Theodore Dalrymple, “A Miasma of Untruth”, Taki’s Magazine, 2014-06-29.
May 5, 2015
I’ve had a few friends over the years who seemed to somehow be able to spend extended time in China. This article may explain how at least a few of them funded their stays:
In 2010, Mitch Moxley wrote a story for The Atlantic entitled “Rent a White Guy,” relating the story of his trip to Dongying where he pretended to be the representative of a non-existent California-based company that was allegedly building a factory in the city. His Canadian friend Ernie, hired to play the role of director, delivered a speech before a large crowd in which he “boasted about the company’s long list of international clients.” After the speech, “confetti blasted over the stage, fireworks popped […] and Ernie posed for a photo with the mayor.” The article has nothing to say about the extent of the scam. Were Mitch Moxley and his friend Ernie giving a boost to a local company or were the attendees being asked to invest in a company that didn’t exist?
A 2010 CNN report cited one ad posted on The Beijinger by a company called “Rent A Foreigner.” The story describes one foreigner who had police knock on his door one day, “after a financial company he worked at for a couple of months in Xi’an […] allegedly swindled millions of yuan out of clients.”
It’s commonplace in China to see expats paid exorbitant fees as dancers, singers, musicians, or models, often regardless of talent. I have seen unattractive models, dancers who couldn’t dance, and singers who couldn’t sing. One of my friends was once paid handsomely to play bass at a live concert. The thing was, he didn’t know how to play bass — so they left his instrument unplugged and he plucked at the strings as if he had some clue as to what he was doing. Several of the musicians were also pantomiming to a prerecorded track, but the track had no bass, so my friend was pretending to play a part that didn’t exist. No one in the crowd seemed to notice though, and he was paid more than twice what the Chinese band members, who were actually rather talented musicians, earned.
April 29, 2015
At Coyote Blog, Warren Meyer lays out his simple but effective plan to help African-Americans:
- Legalize drugs. This would reduce the rents that attract the poor into dealing, would keep people out of jail, and reduce a lot of violent crime associated with narcotics traffic that kills investment and business creation in black neighborhoods. It would also reduce the main excuse for petty harassment by police that falls disproportionately on young black men. No its not a good thing to have people addicted to strong narcotics but it is worse to be putting them in jail and having them shooting at each other.
- Bring real accountability to police forces. When I see stories of folks absurdly abused by police forces, I can almost always guess the race of the victim in advance. I used to be a law-and-order Conservative that blindly trusted police statements about every encounter. The advent of cell-phone video has proven this to be supremely naive.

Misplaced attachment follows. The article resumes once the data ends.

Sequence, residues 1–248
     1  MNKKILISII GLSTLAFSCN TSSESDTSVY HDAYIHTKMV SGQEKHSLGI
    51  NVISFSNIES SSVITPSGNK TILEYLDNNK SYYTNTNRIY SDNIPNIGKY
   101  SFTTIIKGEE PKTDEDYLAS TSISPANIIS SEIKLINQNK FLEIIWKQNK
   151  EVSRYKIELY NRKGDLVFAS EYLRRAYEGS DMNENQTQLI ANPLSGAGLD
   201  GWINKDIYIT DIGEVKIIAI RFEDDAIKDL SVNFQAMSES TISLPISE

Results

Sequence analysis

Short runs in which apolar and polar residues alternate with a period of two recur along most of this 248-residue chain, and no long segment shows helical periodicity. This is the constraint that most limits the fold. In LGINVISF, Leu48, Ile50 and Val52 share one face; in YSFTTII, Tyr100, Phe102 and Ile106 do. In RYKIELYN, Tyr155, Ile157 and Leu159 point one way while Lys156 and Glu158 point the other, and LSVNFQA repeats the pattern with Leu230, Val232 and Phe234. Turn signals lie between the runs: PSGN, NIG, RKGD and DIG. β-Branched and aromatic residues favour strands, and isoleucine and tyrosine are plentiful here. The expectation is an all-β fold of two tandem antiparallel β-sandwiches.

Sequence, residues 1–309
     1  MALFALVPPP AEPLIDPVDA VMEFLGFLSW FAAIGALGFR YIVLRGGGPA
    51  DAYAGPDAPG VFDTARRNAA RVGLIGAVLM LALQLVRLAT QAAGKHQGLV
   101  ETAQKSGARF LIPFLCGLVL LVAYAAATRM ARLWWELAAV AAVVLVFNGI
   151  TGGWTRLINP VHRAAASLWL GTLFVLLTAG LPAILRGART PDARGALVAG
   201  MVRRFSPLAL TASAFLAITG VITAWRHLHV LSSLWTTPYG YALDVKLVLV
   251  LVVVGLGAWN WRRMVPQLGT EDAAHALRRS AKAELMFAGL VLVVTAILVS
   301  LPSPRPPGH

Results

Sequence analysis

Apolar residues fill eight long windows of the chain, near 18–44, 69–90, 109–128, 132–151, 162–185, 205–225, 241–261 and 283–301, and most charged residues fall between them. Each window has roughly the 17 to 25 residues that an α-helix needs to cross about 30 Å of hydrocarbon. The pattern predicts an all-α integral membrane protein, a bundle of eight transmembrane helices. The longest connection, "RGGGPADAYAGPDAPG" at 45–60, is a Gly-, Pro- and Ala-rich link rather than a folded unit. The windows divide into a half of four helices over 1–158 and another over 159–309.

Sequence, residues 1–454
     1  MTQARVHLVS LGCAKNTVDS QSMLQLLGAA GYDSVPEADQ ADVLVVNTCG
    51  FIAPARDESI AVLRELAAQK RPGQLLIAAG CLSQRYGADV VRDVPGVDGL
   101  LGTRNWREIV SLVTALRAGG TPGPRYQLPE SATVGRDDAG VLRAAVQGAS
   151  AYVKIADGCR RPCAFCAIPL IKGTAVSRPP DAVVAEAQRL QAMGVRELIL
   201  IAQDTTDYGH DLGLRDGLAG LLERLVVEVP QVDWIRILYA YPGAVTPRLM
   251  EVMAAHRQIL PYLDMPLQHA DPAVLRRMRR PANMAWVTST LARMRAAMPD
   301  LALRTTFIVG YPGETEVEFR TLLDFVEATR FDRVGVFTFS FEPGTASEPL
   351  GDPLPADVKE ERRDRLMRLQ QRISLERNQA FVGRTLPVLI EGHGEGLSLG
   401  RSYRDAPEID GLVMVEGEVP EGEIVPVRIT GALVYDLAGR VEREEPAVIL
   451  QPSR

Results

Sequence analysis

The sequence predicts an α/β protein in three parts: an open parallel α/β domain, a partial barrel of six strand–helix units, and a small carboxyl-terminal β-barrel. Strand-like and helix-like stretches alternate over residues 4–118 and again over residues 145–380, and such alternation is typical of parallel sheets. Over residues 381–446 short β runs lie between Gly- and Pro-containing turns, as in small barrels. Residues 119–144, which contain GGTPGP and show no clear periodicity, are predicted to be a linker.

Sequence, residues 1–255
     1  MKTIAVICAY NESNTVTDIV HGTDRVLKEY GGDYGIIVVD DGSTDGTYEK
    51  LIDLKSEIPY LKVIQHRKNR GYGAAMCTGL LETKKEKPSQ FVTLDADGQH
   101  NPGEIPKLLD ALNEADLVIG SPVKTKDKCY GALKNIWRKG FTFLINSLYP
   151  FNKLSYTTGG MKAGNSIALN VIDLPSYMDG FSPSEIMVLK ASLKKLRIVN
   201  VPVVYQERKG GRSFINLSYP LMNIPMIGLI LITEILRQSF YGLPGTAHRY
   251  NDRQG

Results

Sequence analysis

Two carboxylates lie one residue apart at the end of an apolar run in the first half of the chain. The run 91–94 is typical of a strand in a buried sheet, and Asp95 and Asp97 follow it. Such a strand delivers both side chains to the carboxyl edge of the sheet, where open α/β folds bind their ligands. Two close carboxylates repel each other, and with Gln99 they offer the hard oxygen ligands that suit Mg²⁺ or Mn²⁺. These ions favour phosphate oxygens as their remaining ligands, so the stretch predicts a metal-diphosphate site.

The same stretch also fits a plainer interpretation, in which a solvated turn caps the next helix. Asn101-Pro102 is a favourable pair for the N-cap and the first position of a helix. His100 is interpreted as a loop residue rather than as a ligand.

- Eliminate the minimum wage (compromise: eliminate the minimum wage before 25). Originally passed for racist reasons, it still (if unintentionally) keeps young blacks from entering the work force. Dropping out of high school does not hurt employment because kids learn job skills in high school (they don’t); it hurts because finishing high school is a marker of responsibility and other desirable job traits. Kids who drop out can overcome this, but only if they get a job where they can demonstrate these traits. No one is going to take that chance at $10 or $15 an hour**
- Voucherize education. It’s not the middle class that is primarily the victim of awful public schools, it is poor blacks. Middle and upper class parents have the political pull to get accountability. It is no coincidence the best public schools are generally in middle and upper class neighborhoods. Programs such as the one in DC that used to allow urban poor to escape failing schools need to be promoted.
You could argue that decriminalizing drugs is somehow wrong … but if you’re looking at the harm inflicted by drug abuse and comparing it to the harm to African-American communities in particular, you would have to admit that it’s significantly worse with drug prohibition than it would be under a legal drug-use scenario. Reforming the police? Check what kinds of stuff show up in my Militarization-tagged posts — if that doesn’t convince you, you can’t be convinced.
The minimum wage is one of those issues that seems beneficial to the poor, because it means they get a higher wage on the job than they might get otherwise — what isn’t seen is that this limits the number of jobs that a poor person may have access to. Our education system is not adequately equipping people for the working world, and the more we expect the schools to teach, the less they can teach in the way of life-skills. A bad school can negatively impact someone’s entire working life. In education especially, one size does not fit all. Having more varied educational offerings makes it much more likely that children will be able to get the kind of education they need to succeed in life.